RiR: How do unregistered organisations differ from those that are registered? 

AR: Registered organisations are “legal entities” and consequently can, and by law in fact are obliged to, have their own bank account, stamp and other attributes of a “legal entity.” In addition, they can own property, rent premises, etc. Unregistered organisations can do none of these things and as a result cannot pay their employees. So all their work is purely voluntary. And from a legal perspective they are nothing more than an informal group.

Life for non-governmental organisations in Russia is pretty tough, especially legal entities. They have to continuously report to a huge number of inspection and monitoring authorities, who are frequently not very well disposed towards them. And many of our regional organisations have come to question why they would need this kind of headache. We’ll just be an informal group instead, they say. We won’t have to register. And if they’re already registered they simply don’t renew their registration. So they cease to be legal entities. But carry on their work. They are no longer members of International Memorial but they still belong to the Russian Memorial Society.

In December 2010 the Russian Memorial Society consisted of 38 registered organisations (legal entities, who also belong to the International Memorial Society) and 27 unregistered ones. This balance is continually changing as the proportion of unregistered organisations increases.

So what does that mean? Even purely voluntary organisations can do a lot. And they do. They are involved in giving advice to people, sometimes in homes, sometimes at places of in other offices. They write letters to local authorities about setting up a monument or publishing a commemorative book. They take part in ceremonies dedicated to the victims of political repression. There is a great deal they can do. But they are not legal entities.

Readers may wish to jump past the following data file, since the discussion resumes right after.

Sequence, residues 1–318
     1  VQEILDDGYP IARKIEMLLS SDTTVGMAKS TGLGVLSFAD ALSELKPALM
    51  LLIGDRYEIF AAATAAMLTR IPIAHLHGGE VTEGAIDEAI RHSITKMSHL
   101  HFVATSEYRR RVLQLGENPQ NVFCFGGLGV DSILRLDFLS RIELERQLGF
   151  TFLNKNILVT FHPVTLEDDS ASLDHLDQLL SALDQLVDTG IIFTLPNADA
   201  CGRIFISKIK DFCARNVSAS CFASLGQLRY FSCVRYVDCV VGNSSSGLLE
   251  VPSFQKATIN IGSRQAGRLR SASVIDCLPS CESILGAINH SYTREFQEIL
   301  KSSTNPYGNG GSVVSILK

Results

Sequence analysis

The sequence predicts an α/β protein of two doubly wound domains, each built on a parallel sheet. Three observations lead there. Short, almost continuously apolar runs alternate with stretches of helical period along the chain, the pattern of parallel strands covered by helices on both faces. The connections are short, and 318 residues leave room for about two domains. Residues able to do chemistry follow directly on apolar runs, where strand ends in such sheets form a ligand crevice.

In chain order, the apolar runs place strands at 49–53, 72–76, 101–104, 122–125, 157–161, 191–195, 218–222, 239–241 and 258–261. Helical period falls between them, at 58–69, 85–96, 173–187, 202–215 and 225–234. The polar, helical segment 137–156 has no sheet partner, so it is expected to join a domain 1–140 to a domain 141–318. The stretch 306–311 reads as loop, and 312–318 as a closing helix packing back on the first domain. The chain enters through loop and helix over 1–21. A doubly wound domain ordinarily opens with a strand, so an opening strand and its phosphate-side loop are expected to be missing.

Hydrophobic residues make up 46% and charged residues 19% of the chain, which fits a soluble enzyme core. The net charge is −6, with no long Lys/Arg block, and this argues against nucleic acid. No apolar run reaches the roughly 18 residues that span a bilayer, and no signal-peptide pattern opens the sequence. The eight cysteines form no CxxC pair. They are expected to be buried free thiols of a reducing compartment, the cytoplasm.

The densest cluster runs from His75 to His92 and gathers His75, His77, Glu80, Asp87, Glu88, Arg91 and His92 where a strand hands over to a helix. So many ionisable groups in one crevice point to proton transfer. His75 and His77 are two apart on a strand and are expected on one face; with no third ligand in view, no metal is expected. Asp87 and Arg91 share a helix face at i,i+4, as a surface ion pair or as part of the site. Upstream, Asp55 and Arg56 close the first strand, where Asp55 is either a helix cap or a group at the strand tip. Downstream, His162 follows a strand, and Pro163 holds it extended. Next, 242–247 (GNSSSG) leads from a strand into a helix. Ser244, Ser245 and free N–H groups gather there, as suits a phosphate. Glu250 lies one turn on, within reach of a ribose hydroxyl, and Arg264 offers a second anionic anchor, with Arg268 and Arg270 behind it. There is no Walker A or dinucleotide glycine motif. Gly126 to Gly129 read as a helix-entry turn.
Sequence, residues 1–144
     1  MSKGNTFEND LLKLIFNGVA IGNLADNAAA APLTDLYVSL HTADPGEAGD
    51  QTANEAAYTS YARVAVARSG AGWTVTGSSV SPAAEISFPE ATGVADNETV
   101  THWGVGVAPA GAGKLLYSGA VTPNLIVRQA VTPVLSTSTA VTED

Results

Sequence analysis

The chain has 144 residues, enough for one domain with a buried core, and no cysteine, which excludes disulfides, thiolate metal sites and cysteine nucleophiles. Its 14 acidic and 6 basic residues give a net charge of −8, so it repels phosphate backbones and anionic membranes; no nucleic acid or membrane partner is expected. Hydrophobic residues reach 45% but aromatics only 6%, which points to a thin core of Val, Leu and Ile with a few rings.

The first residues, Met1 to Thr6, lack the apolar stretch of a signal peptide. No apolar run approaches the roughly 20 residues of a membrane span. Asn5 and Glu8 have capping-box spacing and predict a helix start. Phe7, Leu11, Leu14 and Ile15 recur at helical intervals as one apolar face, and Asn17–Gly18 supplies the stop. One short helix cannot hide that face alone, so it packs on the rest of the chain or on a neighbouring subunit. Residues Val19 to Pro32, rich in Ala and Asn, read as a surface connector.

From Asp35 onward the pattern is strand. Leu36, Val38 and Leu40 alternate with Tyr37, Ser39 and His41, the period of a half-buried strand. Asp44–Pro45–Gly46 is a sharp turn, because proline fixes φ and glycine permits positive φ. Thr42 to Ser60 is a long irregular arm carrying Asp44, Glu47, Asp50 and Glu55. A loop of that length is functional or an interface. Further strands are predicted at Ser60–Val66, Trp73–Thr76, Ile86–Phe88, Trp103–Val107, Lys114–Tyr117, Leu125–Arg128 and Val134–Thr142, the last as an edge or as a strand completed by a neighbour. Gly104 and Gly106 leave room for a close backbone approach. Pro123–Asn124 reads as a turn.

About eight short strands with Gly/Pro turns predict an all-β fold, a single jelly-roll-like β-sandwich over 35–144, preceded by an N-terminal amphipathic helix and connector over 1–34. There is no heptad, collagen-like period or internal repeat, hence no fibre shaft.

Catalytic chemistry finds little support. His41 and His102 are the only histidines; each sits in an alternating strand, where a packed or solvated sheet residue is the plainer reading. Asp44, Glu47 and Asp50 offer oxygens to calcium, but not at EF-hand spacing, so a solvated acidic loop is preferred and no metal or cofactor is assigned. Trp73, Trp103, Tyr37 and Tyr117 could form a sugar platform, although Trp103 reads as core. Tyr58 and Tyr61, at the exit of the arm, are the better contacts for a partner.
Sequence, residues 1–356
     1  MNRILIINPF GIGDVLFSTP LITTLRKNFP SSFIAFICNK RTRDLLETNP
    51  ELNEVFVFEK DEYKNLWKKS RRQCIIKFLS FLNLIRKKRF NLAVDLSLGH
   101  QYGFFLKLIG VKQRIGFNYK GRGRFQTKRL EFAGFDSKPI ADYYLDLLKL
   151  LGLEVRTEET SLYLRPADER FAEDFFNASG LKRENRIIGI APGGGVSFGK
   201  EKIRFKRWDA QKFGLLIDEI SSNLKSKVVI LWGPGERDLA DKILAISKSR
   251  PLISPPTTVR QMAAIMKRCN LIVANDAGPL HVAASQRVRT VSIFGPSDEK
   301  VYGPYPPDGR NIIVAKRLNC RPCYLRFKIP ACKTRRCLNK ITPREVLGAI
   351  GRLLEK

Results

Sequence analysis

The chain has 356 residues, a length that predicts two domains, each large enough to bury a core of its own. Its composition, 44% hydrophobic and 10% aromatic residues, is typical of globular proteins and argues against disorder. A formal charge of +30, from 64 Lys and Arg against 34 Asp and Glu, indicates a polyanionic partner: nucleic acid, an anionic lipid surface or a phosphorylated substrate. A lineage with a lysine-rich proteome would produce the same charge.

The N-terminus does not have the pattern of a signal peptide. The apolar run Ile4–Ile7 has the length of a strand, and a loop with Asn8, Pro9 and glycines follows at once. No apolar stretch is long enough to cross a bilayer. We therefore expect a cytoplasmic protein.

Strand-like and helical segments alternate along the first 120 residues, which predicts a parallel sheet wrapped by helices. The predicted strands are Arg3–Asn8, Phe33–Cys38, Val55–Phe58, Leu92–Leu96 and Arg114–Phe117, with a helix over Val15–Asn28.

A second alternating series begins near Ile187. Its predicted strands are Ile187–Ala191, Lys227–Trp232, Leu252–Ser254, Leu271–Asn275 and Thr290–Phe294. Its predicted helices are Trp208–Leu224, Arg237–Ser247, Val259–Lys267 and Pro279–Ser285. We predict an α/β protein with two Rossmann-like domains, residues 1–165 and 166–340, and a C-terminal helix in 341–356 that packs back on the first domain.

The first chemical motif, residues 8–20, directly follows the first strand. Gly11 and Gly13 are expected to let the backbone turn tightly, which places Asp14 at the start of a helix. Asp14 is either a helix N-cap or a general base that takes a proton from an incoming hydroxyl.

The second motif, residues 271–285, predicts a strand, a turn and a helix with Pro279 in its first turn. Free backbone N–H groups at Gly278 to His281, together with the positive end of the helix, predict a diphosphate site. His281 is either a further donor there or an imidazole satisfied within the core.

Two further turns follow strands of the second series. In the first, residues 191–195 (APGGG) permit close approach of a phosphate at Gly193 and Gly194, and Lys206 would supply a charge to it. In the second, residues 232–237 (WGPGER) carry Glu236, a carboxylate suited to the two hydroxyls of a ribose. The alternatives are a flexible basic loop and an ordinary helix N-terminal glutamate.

RiR: At the end of 2012 and the beginning of 2013 the Justice Ministry carried out an inspection of the Russian Memorial Society. What was the point of it?

AR: Well, I guess to demonstrate that our affairs were not in order and to force the organisation either to review its activities or to halt them altogether. A distinctive feature of the Russian Memorial Society is that it has no funding. That raised the suspicions of the people conducting the inspection. “Why does the Russian Memorial Society have no funds showing on its accounts? If there are no funds, it means there are no activities! That means it’s a fictitious organisation!” We explain that the activities of Russian Memorial are activities of the organisations that belong to it, that the management is only a coordinator, and the coordination is done on a purely voluntary basis (in the same way that almost half of the organisations that belong to the Russian Memorial Society work on a voluntary basis), but our explanations are not accepted. Another complaint is that our structure is supposedly incorrect. In the opinion of the inspectors, the only structures that have the right to be members of the Russian Memorial Society are those that clearly indicate in their official titles that they are subdivisions of our organisation. 

But the majority of the regional organisations were set up by themselves, which is why they are called the Voronezh Memorial Society, or the Yekaterinburg Memorial Society, etc. And only once they were set up did they then afterwards join the Russian or the International Memorial Society, becoming a part of their structure. This doesn’t go down well with the Justice Ministry. They say that legally, if you’ve set up your own local department yourself, established the constitution and composition of the board yourself, and if they’re independent, then how can they be a part of your structure? Our reply is: look, they all have Memorial in their names, we all share the same goals, all work in the same way and we implement joint programmes. But our opinion doesn’t convince the inspectors. For us this is an important matter of principle. We believe that civic organisations are founded from below, by their own initiative, and then afterwards create larger associations or become part of them. But the Justice Ministry says that with national organisations it should be the other way round, that a national organisation should be created from above.